Therapeutic reflections on The Interview

January 9, 2023 — Leave a comment

So often we see and hear what we’re looking for rather than what is real. In his much talked about interview, Prince Harry, The Duke of Sussex, shows the profound impact that therapy can have on an individual who is ready to look back on their life and make choices about their future. As I reflect on this, I can see four areas that affect all of us, regardless of our background.

Inside/Outside

Who we are on the inside and how others perceive us is not the same thing. This might be true in the family, in the workplace and numerous other groupings. We already know this about celebrities and political leaders. This fine if you are marketing a particular persona for your brand image but it is quite a different and more painful thing if others are deliberately spreading inaccurate information about you. None of us would like that. Especially if it’s done on a global scale and they get paid to do it. Connecting to and appreciating our own story gives us a deepening sense of our own self, autonomy and resilience.

Therapy helps us to take an honest look at ourselves, who we have been and how we want to show up in the world. Many of us become more self-aware as we get older. This could lead to self-acceptance and a desire to continue growing and learning. For others it may be an excuse and explanation for all that happens to them, abdicating the potential for choice and growth.

The potential for transformation

This new self-awareness could lead to lasting transformation. We do not need to continue to be who we have been. We’re often drawn to stories of great transformation. I know that is particularly true in religious circles, when a former criminal finds faith and the put all their energy into helping others to turn away from crime. There could be the unhealthy person who then becomes an advocate for a healthy lifestyle. But transformation does not need to be so drastic to be worthwhile. We love those fully packaged make-over stories but forget that we can do this for ourselves, from the inside out.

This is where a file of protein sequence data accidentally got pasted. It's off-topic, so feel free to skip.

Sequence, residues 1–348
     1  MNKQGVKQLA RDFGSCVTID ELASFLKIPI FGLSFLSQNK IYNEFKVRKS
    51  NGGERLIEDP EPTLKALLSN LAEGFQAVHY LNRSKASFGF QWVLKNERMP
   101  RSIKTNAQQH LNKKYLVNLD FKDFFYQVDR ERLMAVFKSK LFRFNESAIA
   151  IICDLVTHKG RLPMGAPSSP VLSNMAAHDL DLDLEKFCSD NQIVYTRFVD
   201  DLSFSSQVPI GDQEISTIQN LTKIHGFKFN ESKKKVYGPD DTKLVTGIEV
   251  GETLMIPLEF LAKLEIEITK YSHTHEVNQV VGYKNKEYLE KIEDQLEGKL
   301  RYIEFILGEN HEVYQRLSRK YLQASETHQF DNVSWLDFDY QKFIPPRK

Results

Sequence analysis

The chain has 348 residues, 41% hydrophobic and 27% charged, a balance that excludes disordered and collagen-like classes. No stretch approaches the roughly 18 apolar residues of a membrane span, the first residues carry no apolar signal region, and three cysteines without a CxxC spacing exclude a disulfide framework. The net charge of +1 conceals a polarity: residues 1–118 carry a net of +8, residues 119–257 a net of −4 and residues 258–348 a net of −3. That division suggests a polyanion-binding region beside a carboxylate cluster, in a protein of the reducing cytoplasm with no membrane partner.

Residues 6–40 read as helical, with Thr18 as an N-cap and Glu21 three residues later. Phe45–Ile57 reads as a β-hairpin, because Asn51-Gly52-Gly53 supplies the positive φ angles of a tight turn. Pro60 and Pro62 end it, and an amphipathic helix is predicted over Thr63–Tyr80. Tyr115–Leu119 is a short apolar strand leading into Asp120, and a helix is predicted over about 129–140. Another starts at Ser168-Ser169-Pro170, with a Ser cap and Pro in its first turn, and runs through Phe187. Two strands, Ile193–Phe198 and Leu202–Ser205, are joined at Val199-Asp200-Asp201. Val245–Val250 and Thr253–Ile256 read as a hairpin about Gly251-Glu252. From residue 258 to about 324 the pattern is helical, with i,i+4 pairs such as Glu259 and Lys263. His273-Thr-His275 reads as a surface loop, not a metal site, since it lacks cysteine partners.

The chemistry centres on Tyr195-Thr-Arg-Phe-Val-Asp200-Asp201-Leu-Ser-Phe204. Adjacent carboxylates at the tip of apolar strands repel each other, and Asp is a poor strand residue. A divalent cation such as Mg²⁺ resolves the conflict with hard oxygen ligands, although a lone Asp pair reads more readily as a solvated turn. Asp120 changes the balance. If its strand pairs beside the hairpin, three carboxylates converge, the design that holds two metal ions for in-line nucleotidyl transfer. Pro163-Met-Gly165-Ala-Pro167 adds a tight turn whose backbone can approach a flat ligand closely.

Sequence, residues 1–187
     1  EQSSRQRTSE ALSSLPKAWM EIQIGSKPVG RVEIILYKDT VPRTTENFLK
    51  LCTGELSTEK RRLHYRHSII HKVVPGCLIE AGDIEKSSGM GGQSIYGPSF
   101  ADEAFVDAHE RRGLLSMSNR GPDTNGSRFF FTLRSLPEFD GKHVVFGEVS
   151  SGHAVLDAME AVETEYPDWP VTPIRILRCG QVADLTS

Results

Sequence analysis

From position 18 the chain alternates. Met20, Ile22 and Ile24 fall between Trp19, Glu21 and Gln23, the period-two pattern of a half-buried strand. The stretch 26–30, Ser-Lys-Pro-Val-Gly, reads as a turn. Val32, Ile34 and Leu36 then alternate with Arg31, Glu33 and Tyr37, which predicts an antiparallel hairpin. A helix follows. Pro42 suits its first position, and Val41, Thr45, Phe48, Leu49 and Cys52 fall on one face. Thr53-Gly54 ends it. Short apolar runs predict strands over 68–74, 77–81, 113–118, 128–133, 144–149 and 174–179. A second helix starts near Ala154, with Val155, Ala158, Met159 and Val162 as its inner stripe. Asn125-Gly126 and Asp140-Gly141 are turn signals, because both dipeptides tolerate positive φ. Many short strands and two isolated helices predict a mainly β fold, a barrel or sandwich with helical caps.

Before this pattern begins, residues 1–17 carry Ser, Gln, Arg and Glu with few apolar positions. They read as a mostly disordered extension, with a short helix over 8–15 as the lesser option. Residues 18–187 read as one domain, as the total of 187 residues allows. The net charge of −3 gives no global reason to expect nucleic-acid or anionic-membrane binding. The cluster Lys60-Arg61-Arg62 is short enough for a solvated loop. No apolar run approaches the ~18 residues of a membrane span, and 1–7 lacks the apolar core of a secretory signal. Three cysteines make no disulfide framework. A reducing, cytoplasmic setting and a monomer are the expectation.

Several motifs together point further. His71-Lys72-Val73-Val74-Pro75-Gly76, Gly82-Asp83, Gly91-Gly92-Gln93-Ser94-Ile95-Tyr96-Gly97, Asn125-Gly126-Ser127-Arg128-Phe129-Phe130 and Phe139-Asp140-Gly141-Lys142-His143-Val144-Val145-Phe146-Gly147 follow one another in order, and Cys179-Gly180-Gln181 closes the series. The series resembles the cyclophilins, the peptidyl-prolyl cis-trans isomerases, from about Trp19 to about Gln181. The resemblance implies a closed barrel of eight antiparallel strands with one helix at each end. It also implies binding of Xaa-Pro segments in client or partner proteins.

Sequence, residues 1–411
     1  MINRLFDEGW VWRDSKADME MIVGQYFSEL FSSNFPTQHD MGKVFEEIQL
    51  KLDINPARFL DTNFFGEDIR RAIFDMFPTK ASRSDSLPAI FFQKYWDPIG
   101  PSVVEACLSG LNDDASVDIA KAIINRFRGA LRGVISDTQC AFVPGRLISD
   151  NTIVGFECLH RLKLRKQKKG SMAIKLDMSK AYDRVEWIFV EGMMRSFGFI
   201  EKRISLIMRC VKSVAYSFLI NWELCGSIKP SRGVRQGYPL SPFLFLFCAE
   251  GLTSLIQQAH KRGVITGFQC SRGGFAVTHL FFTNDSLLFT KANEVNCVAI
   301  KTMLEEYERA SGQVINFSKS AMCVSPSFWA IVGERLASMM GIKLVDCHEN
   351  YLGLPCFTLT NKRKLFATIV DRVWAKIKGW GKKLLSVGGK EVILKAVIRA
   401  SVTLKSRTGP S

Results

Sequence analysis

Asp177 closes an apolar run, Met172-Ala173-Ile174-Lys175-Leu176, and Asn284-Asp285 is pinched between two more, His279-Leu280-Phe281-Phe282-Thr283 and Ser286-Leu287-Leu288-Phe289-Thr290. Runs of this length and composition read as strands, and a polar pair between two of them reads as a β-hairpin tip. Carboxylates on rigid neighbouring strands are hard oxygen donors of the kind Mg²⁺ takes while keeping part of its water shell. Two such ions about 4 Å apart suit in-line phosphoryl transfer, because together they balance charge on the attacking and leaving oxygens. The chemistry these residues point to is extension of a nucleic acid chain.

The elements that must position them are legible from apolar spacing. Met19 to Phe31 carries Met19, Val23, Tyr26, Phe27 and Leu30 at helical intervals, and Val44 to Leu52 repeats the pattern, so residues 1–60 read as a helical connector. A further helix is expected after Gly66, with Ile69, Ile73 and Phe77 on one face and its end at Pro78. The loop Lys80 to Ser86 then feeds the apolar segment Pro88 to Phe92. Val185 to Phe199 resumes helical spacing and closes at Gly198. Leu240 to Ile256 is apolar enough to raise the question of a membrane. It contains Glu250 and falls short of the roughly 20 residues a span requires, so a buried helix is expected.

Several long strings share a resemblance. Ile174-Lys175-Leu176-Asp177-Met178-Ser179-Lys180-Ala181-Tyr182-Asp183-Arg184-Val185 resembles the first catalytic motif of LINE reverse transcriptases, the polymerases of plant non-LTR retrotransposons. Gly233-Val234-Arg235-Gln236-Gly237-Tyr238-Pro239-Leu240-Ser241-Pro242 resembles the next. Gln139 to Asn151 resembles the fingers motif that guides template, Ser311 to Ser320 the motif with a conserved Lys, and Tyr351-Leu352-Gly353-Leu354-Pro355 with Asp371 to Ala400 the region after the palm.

Personality and birth order

Personality and birth order affects our experiences in our family of birth. We know this is true in our family but often forget this is true for other people too. The experiences of the eldest, the youngest, the middle and only children are all different. The state of the relationship when you are born may be different to what your siblings experienced. I know with my siblings, with differing age gaps, we have memories of our parents at different ages. For example, parents who are newly-weds are not the same parents when child number four comes along.

In Prince Harry’s case, and this is somewhat obvious but important, he is the only one of his father’s children not to be an heir. The Queen had 4 children so 3 of them shared that experience of not being the heir. The Cambridges have 3 children so 2 of them will be able to share that experience. But Prince Harry is one of two. Every day, every mealtime, every holiday, being reminded that you are not the chosen one and there is nothing you can do about it for the rest of your life.

Living our values

Becoming aware of our values can be very empowering. If we decide that truth is a value we hold dear then we will tell the truth regardless of how uncomfortable it makes us feel. There might be a lot to lose by telling the truth so it can take a lot of courage.  Families sometimes encourage us to keep secrets to avoid shame and guilt. This is particularly true in families where there is abuse.  Some families will believe the child and report the abuser. Other families will accuse the child of lying and leave them unprotected.  In those spaces where people are believed and therapy is sought, healing and forgiveness can happen. For those who are trapped and not believed, the wound is deeper, and healing can take a lifetime.

We can all become more self-aware, begin to live to the values we hold and remember that other people may be going through a lot internally. Childhood, adolescence, adulthood and ageing are all difficult in different ways.  We live forward and reflect after.  We are all a work-in-progress, and we can’t tell anyone else how to live their one precious life.

Shirley

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Shirley Anstis is a counsellor, author and former magazine editor with a desire to live well and support others to do the same. She uses counselling, mindfulness and therapeutic writing to help her clients to work through their past, connect to their present and step into their future.This means connecting to our thoughts, feelings, imagination, body, mind and soul. The aim is to live happier and more fulfilled lives as we remember to be living beings, not just doing beings.

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